Burton, always more painter than writer, simply can’t keep up with the story’s requirements. Nor can he settle on a consistent tone with which to counter his narrative shortcomings. Lame jokes and corny delivery compete with more subtle campiness, all of them running straight into the overtly serious doomed romance at which he normally excels. The cast dives into eccentricities with desperate abandon: led by Depp who vacillates between jokey and tragic with the same vagueness that plagues the rest of the film. Green does better – I could watch that chick uncork The Crazy all day – but she’s fighting for breathing room the whole time. Carter lets her character’s drunkenness overwhelm her, while Michelle Pfeiffer – playing the Collins clan matriarch – is content to simply mark time and wait for the whole thing to end.

As a last recourse, Dark Shadows papers over its flaws with sterling costumes and production design. It looks damn sexy and Burton pays close attention to the various visual nooks and crannies of his world. Even here, however, ennui eventually creeps in: numbed by the director’s numerous excursions into the same basic material. Wholesale change may be impossible at this stage in his career, but he needs to grow past the confines that have no completely boxed him in. Dark Shadows stands as a testament to the failings of his vision, with none of the successes to back them up. It leaves the auteur lost in a maze of his own making… and the audience wondering if he might ever find his way out again. 


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whiteandnerdy75 5/11/2012 12:07:48 AM

Geez, I thought it wouldn't be great judging by the previews, but a 'D'?  Guess I'll avoid this one like the plague...

doublec 5/11/2012 2:22:12 AM

It's BarnabAs, not BarnabUs.

dalgoda 5/11/2012 3:59:40 AM

There hasn't been a really good Burton movie in a long while and this looks to continue that streak based on trailers and reviews.  I'll wait for video.

Dazzler 5/11/2012 4:22:42 AM

Looks good enough for me.  There is worse crap out there. 

DaForce1 5/11/2012 4:52:15 AM

 Rob, actually it's been stated in more than one place that Burton hasn't watched a single episode of the original tv series, just like JJ Abrahms never watched a single episode or movie of Star Trek. It looked like crap from the beginning, so this is really no great surprise.

heath0920 5/11/2012 5:02:00 AM

Dalgoda, I think what the reviewer is saying is that Burton has continued to make HIS style of movies. Using Johnny Depp so much as his star, you know the kind of actor that Depp is and the performances Burton brings out of him. If you like that visual style, if you like his humour, or if you lke what Depp does in a Burton performance, you'll be satisfied by the result. But if you're hoping this film is a gane changer or has Burton changing his film style, you're going to be dissapointed.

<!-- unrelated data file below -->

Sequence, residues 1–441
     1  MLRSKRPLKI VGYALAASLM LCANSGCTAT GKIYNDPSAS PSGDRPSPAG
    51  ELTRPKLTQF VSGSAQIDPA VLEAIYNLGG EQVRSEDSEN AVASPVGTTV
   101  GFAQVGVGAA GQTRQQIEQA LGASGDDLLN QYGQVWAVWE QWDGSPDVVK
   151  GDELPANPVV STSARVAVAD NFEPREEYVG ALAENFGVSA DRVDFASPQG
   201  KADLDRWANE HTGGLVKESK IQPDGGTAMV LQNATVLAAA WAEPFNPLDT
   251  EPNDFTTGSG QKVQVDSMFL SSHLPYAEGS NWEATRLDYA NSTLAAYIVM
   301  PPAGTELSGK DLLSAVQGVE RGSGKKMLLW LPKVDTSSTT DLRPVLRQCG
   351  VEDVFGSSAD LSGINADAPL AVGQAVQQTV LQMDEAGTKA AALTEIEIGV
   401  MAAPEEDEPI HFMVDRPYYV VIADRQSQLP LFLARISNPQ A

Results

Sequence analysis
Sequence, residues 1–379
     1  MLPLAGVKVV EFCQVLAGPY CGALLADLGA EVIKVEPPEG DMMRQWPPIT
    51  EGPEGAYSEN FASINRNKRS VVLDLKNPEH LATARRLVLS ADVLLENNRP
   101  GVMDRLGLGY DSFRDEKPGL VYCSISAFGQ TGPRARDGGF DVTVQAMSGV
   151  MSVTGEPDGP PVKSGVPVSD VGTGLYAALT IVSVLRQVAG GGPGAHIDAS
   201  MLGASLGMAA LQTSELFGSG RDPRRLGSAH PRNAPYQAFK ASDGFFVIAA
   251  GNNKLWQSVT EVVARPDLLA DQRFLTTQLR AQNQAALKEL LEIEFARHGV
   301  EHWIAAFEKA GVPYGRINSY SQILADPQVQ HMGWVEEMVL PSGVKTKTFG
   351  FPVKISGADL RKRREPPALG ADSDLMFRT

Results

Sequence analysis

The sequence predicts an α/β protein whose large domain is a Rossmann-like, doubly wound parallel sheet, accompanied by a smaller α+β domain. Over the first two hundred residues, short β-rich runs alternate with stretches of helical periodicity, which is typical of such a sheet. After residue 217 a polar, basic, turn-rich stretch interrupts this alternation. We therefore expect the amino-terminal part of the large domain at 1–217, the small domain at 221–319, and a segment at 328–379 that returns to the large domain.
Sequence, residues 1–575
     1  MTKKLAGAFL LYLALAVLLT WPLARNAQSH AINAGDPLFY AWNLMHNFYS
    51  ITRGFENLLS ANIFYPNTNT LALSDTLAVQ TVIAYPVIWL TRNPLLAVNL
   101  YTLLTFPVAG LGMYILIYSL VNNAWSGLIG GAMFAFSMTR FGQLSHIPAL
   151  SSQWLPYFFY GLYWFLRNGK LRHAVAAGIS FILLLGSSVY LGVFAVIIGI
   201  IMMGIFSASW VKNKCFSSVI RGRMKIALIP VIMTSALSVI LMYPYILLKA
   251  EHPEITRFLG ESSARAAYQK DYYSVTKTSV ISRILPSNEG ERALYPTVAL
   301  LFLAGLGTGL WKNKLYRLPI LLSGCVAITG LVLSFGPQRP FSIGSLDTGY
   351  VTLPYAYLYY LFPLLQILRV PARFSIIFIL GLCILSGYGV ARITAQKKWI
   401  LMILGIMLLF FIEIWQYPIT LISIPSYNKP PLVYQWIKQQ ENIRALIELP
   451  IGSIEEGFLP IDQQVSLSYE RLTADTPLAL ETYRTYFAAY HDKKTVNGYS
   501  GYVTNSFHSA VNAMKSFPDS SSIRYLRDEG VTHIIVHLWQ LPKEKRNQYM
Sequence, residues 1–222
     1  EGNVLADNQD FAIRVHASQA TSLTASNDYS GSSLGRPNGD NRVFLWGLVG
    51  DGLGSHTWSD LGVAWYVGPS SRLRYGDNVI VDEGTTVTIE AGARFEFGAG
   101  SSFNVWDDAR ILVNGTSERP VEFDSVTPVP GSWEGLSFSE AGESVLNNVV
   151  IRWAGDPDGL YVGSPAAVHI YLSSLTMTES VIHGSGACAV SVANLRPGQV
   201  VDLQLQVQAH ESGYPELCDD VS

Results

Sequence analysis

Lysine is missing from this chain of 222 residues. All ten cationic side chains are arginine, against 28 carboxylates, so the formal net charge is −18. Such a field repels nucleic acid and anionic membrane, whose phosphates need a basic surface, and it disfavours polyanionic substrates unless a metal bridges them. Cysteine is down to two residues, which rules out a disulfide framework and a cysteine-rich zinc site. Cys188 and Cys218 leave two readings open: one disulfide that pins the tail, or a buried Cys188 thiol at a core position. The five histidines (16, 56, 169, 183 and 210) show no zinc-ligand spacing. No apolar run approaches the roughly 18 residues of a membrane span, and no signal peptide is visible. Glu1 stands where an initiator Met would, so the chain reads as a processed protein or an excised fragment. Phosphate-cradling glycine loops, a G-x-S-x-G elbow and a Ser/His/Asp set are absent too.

I'm curious how it's going to play to the teen set who devour vampires right now. Depp probably isn't their heart throb and this isn't your "Vampire lord falls in love with mortal lady" romance that's all the rage. Will it capture their interests? 

hanso 5/11/2012 5:06:24 AM

 Yeah it looked like crap but still might end up seeing it at the theatres, I dig Depp.

wish 5/11/2012 5:10:18 AM

Well, can't say I'm surprised at all, this was getting panned from the beginning and when the first pics showed up here everyone was pretty together in thier prediction.  I still think I can enjoy this and plan on giving it a shot.

I watched Johnny Depp on Jimmy Kimmel the other night, it was awesome, it reminded me how much I admire him as a person and an actor so it made me want to see this a tiny bit more than I did before.......besides.......we got a few weeks to go until Prometheus and I don't really plan to see anything else in the meantime........

jedibanner 5/11/2012 5:27:50 AM

Depp is a class act and his acting is always beyond great. But he alone can't save a train wreck and this movie was pure 1000000% crap and stupid beyond crap, only one movie comes to mind that was as bad if not worse and it's the first non-cartoon GI Joe movie.

In this day and age, there are new ways to watch movies and this one isn't even worth the time to wait for.

lusiphur 5/11/2012 6:04:36 AM

 So you saw it jedibanner?

I was excited for this until I saw Burton decided to go for laughs.  Maybe I'll watch it on Netflix streaming at some point.